Lactose Intolerance Doesn’t Have To Mean Dairy Avoidance
February is Lactose Intolerance Awareness Month, a time dedicated to educating people about a condition that is often misunderstood. What many individuals don’t realize is that a person can have lactose intolerance and still enjoy the taste and nutritional benefits of dairy foods. A primary goal for Lactose Intolerance Awareness Month is to deliver this message: Lactose intolerance doesn’t have to mean dairy avoidance.
According to an expert panel convened by the National Institutes of Health (NIH) to examine lactose intolerance and health, eliminating dairy foods may not only be unnecessary to manage lactose intolerance, but also may lead to nutrient shortcomings which may result in adverse health effects. Many health professionals, as well as the 2010 Dietary Guidelines for Americans, encourage individuals with lactose intolerance to choose dairy foods first as a key source of essential nutrients, including those of most concern: calcium, potassium, and vitamin D.
Lactose is the sugar naturally found in milk and many milk products. In order to digest lactose, the body needs lactase, an enzyme that is made by the body. Lactose intolerance occurs when a person does not make enough lactase to break down lactose, which may cause them to experience physical symptoms when consuming foods that contain lactose.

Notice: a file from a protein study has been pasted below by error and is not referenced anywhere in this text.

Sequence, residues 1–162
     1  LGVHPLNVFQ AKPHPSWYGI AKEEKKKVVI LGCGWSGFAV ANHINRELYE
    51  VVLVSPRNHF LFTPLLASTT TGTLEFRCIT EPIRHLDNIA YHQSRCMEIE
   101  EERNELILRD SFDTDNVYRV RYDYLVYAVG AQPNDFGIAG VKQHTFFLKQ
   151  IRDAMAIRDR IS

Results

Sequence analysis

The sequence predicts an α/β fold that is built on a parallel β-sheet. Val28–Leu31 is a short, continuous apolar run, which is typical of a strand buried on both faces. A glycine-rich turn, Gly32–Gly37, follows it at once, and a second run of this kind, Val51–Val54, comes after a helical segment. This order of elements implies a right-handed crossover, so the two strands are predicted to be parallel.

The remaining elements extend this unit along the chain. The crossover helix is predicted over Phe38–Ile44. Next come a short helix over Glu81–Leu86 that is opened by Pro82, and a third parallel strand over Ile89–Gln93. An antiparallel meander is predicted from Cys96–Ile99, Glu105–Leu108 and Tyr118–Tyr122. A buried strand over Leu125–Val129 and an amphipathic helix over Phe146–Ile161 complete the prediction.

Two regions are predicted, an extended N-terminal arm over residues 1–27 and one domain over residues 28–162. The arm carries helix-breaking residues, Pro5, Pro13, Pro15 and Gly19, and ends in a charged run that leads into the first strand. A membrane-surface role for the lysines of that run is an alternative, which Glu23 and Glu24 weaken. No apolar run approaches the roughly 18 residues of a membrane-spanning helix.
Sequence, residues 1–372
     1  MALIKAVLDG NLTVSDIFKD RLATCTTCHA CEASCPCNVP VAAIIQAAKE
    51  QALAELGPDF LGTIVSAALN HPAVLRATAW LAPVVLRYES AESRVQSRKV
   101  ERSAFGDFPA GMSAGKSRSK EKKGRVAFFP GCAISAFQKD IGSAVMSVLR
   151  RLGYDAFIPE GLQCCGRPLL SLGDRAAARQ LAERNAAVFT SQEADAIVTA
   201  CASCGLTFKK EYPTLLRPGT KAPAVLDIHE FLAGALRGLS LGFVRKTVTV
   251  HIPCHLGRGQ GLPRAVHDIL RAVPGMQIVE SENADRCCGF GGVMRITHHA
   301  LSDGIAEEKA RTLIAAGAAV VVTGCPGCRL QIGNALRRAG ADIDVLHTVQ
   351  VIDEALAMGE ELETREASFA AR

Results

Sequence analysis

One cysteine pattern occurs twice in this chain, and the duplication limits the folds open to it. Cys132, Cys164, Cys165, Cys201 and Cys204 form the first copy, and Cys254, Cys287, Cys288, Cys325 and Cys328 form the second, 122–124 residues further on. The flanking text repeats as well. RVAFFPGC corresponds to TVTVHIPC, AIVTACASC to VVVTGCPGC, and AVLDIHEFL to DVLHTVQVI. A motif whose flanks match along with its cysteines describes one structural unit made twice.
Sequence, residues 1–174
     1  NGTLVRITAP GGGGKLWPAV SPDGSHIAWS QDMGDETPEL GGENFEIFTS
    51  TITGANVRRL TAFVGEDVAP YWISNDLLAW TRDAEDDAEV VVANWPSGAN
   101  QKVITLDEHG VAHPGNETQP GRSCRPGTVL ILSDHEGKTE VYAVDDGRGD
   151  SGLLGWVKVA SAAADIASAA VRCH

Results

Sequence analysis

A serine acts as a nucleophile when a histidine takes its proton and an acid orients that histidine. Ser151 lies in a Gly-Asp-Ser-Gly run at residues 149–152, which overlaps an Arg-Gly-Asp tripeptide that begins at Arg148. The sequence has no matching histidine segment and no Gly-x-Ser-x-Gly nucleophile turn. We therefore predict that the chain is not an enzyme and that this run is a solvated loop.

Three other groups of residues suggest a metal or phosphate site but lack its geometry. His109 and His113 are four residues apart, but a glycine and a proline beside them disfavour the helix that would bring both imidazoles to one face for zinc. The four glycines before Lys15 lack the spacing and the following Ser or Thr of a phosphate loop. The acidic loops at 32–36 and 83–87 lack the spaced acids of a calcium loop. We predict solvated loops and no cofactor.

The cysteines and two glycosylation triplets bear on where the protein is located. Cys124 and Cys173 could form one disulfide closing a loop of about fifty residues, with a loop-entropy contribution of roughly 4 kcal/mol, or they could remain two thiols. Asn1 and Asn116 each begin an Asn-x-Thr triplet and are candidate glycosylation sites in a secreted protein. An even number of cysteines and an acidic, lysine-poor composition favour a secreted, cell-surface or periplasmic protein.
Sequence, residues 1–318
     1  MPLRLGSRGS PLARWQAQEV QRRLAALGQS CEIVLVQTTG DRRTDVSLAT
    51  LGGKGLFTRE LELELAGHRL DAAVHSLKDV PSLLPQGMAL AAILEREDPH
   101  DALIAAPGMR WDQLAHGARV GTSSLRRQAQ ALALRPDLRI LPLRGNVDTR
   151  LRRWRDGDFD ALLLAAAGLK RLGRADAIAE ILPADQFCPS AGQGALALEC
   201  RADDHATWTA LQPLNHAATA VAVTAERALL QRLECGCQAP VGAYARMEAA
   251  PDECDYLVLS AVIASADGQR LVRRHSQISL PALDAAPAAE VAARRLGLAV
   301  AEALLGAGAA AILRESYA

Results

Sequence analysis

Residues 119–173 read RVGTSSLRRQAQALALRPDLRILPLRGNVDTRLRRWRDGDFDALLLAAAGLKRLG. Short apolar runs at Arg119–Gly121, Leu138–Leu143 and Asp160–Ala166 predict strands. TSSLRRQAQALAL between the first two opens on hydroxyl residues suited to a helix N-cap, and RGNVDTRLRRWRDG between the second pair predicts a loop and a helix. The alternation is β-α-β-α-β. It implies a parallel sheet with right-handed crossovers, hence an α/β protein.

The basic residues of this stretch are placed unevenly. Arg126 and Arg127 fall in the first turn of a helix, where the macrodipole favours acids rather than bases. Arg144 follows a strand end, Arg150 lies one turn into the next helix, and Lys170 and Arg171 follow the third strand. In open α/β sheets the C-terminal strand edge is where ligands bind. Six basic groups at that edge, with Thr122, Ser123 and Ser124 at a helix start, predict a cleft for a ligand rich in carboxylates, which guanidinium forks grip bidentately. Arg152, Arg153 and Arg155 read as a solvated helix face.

It is important to consult a doctor if a person perceives they are lactose intolerant. Often, a doctor will order a breath hydrogen test, which is considered the “gold standard” for diagnosis. Self-diagnosis is not recommended as it can lead to an unnecessary restriction of dairy foods, an inadequate intake of dairy’s nutrients, and a missed opportunity to detect other manageable disorders characterized by similar symptoms (e.g., irritable bowel syndrome, celiac disease, milk protein allergy).
Because tolerance for lactose varies from person to person, lactose intolerance is a highly individualized condition. A person should talk to their doctor or a registered dietitian about a management approach that best suits him or her. Here are some practical tips that may be recommended:
Sip It. Start with a small amount of milk daily and increase slowly over several days or weeks to tolerance.
Stir It. Mix milk with other foods, such as smoothies, soups or sauces, or pair it with meals. This helps give your body more time to digest it.
Slice It. Top sandwiches or crackers with natural cheeses such as cheddar, Colby, Monterey Jack, mozzarella, and Swiss. These cheeses are low in lactose.
Shred It. Shred your favorite natural cheese onto soups, pastas, and salads. It’s an easy way to incorporate a serving of dairy that is low in lactose.
Spoon It. Enjoy easy-to-digest yogurt. The live and active cultures in yogurt help to digest lactose.
Try It. Drink lactose-free milk. It is real cow’s milk with the same nine essential nutrients, just without the lactose. Also, try using it in recipes, such as this Rice Pudding with Praline Topping.
Find more dairy recipes and nutrition information on DairyMakesSense.com.